I’ve just been arrested. Charged with second degree murder. My wife was found in our bed riddled with bullets. Found with this guy. He bought it, too.
The powers that be believe I committed the ultimate crime of passion–supposedly caught my wife in bed with her new lover and went, like, haywire. But I say, “No way.” My most compelling argument is–I’m a sociopath.
Experts would say something like, “He has shallow affect.” But in layman’s terms, basically, I’m passionless. Passion-less.
“So, how could I commit a crime of passion?” I ask you.
How could I reach the level of fervour necessary to riddle two people with bullets?
Point of fact–never loved my wife. She was okay and everything. Nothing wrong with her. We had good, regular sex, and that’s the point, right? Then, not too long ago, she caught on to the fact I probably wouldn’t jump in front of a bus to save her, and she asked me to leave but, to tell the truth, it didn’t bother me much.
Being honest here.
There’s more fish in the sea.
I’m thinking, and correct me if my thinking is wrong, I might not mention all this sociopath stuff to my lawyer. If he uses it in court as the alibi that it truly is, the jury might get the wrong impression. Might hear mentally ill. Might conjure up Norman Bates. Might assume psychopath.
I’m right here, aren’t I?
See, you can’t admit shit like I was only in it for the sex and I know it. Have a high level of social cognition, get the rules, play the game well. But–listen closely here–I am not violent. Don’t have to be violent. I’m charming. Smart. Did I mention handsome?
And in case you’re thinking, Nah, don’t believe him. He’s smart enough to lie about all this, I don’t lie, either. Not because I can’t–because I can (and very well)–but because lies reveal themselves.
Look at Nixon.
Look at Clinton.
Who needs to end up in shit like that?
Did I tell you I’m a cop?
Or rather, I was a highly respected detective. Which adds another layer of irony. Got all the skills to figure out who really did this but, obviously, not only can I not investigate my own case, I can’t even leave this freakin’ cell. But I can still ponder. And here’s where you come in.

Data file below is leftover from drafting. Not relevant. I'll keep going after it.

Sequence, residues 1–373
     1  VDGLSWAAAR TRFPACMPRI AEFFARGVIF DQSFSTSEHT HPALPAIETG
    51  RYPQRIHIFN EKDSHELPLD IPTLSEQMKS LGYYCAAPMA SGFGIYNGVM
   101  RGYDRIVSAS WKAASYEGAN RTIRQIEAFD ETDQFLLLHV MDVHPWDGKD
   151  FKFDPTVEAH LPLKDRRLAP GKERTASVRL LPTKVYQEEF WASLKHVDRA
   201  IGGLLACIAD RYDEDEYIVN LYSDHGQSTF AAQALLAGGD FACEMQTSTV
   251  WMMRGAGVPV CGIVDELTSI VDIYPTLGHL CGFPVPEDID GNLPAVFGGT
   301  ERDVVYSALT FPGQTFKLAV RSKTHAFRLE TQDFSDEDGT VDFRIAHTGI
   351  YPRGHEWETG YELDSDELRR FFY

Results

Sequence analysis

Who benefited from the deaths of my wife and her boyfriend if I didn’t, as I’ve clearly explained?
My wife’s lover’s ex-girlfriend or something?
As a detective, I’ve often seen jealousy raise its ugly head.
Yeah, and then there’s greed.
What about greed?
Not my greed but somebody else’s greed?
Who inherits from lover-boy, say?
Ambition is a valid motive.
Hey, I was up for promotion before this happened. Maybe one of the guys, who was in line for the same position, deliberately smeared the heck out of my reputation to knock me out of the competition. Don’t give out fat promotions to detectives jailed for murder.
Man, you’re not saying much. Help me out here. What about the writer? The one listed under the title? If there were no marital bed riddled with bullets and no wife and lover found dead in it, she wouldn’t have this story. And she wouldn’t have been able to sell it to this e-zine and make…
Nah–that doesn’t work either.
Ahh–you, dear reader, benefit from these here murders. Entertainment, while you sit surrounded by a bunch of other normal people just like you in a café, in a park or on a subway train, and dozens of stops whiz by.
But you didn’t kill my wife and her new boyfriend–you’re not responsible, right?
Well…I’m never giving up and I’ll find out who killed my wife if it’s the last thing I do. You gotta understand, if nothing else, we sociopaths are high-performers.
A member of Crime Writers of Canada, International Thriller Writers and Short Mystery Fiction Society, Cynthia has one award for fiction and has been a writing contest judge. Cynthia’s novels are A Purse to Die For and A Killer Necklace, co-written with Melodie Campbell and published by Imajin Books.
Copyright © 2016 Cynthia St-Pierre. All rights reserved. Reproduction in whole or in part in any form or medium without express written permission of the author is prohibited.